Breeding

Whimbrels breed on Arctic tundra across Eurasia and North America. A clutch of 4 eggs is laid in a shallow scrape lined with small bits of vegetation.

Behaviour and ecology

In New Zealand, whimbrels occur singly or in small flocks on estuaries, often associating with bar-tailed godwits.

Food

In the non-breeding season whimbrels feed on a wide range of estuarine invertebrates including worms but particularly crabs. They also take small fish.

Weblinks  

http://www.birdlife.org/datazone/speciesfactsheet.php?id=3009

http://www.environment.gov.au/cgi-bin/sprat/public/publicspecies.pl?taxon_id=849

http://en.wikipedia.org/wiki/Whimbrel

References

Barter, M. 2002. Shorebirds of the Yellow Sea: importance, threats and conservation status. Wetlands International Global Series 9. Downloadable at: http://www.environment.gov.au/biodiversity/migratory/publications/yellow-sea/index.html

del Hoyo, J.; Elliott, A.; Sargatal, J. (eds). 1996. Handbook of birds of the world. Vol. 3, hoatzin to auks. Lynx Edicions, Barcelona.

Heather, B.D.; Robertson, H.A. 1996. The field guide to the birds of New Zealand. Viking, Auckland.

Higgins, P.J.; Davies, S.J.J.F. (eds) 1996. Handbook of Australian, New Zealand and Antarctic birds. Vol. 3, snipe to pigeons. Oxford University Press, Melbourne.

MacKinnon, J., Verkuil, Y.I., Murray, N. 2012. IUCN situation analysis on East and Southeast Asian intertidal habitats, with particular reference to the Yellow Sea (including the Bohai Sea). Occasional Paper of the IUCN Species Survival Commission No. 47. IUCN, Gland, Switzerland and Cambridge, UK. 70 p. Downloadable at: www.iucn.org/asiancoastalwetlands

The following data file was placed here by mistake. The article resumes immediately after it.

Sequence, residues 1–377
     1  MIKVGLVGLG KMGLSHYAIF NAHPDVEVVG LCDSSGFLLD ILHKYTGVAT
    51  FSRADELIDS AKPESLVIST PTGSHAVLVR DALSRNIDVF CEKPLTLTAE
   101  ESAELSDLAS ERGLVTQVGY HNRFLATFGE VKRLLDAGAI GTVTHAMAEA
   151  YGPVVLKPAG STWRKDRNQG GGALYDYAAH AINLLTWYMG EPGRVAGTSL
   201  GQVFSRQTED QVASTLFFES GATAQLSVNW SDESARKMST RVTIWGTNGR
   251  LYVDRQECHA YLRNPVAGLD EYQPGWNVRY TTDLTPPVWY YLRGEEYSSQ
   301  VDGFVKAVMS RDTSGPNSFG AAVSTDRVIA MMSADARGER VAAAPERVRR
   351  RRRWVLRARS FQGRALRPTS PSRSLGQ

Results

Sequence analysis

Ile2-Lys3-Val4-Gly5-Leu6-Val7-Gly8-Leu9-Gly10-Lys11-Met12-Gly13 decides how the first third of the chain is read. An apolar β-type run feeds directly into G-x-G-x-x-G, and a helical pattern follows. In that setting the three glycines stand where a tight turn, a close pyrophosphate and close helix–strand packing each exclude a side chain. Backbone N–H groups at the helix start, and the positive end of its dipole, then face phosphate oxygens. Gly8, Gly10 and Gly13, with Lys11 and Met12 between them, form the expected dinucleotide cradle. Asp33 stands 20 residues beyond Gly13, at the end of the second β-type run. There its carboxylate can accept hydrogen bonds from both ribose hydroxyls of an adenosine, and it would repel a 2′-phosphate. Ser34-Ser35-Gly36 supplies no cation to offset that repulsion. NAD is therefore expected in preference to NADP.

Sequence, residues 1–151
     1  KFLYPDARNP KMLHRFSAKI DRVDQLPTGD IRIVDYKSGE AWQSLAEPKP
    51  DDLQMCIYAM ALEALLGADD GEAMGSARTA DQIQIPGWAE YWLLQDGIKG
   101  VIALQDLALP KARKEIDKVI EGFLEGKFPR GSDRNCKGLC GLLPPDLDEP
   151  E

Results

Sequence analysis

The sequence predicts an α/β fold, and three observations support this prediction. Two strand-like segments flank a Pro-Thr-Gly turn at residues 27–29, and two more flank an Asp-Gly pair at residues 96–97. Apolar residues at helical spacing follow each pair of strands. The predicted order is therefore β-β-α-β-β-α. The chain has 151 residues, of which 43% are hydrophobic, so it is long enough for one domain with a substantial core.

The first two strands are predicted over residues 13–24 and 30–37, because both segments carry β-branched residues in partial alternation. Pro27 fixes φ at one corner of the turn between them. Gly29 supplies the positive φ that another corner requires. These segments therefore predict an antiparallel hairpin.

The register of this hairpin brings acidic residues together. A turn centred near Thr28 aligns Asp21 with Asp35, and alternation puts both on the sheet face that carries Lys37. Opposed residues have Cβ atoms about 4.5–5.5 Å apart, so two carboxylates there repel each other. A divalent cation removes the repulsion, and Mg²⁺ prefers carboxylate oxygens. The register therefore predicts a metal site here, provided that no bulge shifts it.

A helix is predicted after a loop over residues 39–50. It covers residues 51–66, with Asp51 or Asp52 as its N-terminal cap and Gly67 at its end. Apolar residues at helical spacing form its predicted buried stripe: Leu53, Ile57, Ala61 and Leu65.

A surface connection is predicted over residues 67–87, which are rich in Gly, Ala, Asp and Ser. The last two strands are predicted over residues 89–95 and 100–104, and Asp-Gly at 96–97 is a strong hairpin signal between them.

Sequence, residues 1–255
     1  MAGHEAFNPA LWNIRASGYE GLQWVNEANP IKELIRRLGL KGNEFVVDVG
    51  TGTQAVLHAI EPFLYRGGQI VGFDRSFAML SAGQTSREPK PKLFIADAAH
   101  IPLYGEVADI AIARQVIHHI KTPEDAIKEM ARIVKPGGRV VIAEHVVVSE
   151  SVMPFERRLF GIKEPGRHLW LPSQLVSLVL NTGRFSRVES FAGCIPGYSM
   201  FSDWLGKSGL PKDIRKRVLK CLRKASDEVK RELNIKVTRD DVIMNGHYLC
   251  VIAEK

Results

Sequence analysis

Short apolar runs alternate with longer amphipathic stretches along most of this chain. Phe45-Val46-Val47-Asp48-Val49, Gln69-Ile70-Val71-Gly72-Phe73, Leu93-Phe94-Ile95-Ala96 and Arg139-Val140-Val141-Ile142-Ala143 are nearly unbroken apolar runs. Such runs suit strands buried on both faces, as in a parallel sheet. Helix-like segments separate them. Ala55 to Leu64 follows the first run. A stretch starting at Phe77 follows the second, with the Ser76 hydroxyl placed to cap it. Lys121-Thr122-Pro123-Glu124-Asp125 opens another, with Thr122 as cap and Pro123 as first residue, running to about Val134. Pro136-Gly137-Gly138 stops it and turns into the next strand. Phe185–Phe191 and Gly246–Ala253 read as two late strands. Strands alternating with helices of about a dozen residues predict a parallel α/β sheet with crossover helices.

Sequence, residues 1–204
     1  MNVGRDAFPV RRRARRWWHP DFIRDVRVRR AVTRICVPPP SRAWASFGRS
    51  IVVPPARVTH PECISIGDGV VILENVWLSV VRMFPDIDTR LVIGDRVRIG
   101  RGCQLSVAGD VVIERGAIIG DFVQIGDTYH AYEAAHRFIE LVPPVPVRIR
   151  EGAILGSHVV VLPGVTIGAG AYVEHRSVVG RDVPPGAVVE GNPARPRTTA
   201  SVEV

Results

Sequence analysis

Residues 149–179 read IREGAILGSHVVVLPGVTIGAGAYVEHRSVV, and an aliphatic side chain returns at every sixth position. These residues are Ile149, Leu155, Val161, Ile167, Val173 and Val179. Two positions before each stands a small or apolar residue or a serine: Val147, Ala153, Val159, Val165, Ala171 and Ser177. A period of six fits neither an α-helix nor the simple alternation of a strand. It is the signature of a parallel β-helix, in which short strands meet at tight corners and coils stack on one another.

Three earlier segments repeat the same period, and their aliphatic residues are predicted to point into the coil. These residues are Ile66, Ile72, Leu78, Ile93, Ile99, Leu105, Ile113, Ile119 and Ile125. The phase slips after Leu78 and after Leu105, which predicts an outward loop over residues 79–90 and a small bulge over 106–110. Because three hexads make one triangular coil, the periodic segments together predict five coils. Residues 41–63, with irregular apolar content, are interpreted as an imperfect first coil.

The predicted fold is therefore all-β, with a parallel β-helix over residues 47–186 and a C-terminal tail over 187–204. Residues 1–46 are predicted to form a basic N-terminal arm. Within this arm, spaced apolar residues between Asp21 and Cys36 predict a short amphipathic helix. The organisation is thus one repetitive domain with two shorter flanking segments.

Medway, D.G. 2010. Charadriiformes (waders). Pp. 191-223. In: Checklist Committee (OSNZ) 2010. Checklist of the birds of New Zealand, Norfolk and Macquarie Islands, and the Ross Dependency, Antarctica (4th edn). Ornithological Society of New Zealand & Te Papa Press, Wellington.

Sangster, G.; Collinson, J..; Crochet, P-A.; Knox, A.G.; Parkin, D.T.; Svensson, L.; Votier, S.C. 2011. Taxonomic recommendations for British birds: seventh report. Ibis 153: 883-892.

Southey, I. 2009. Numbers of waders in New Zealand 1994-2003. DOC Research & Development Series 308. Department of Conservation; Wellington. 70 p. http://www.doc.govt.nz/upload/documents/science-and-technical/drds308entire.pdf

Tomkovich, P.S. 2008. A new subspecies of the whimbrel (Numenius phaeopus) from central Siberia. Zooloičeski Žurnal 87: 1092-1099 [in Russian]

Wetlands International (// 2012). Waterbird population estimates. Retrieved from wpe.wetlands.org on//  18 Jul 2012

Zink, R.M.; Rohwer S.; Andreev, A.V.; Dittmann, D.L. 1995. Trans-Beringia comparisons of mitochondrial DNA differentiation in birds. Condor 97: 639-649.

Recommended citation

Melville, D.S. 2013. Whimbrel. In Miskelly, C.M. (ed.) New Zealand Birds Online. www.nzbirdsonline.org.nz

Whimbrel

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Asiatic whimbrel

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American whimbrel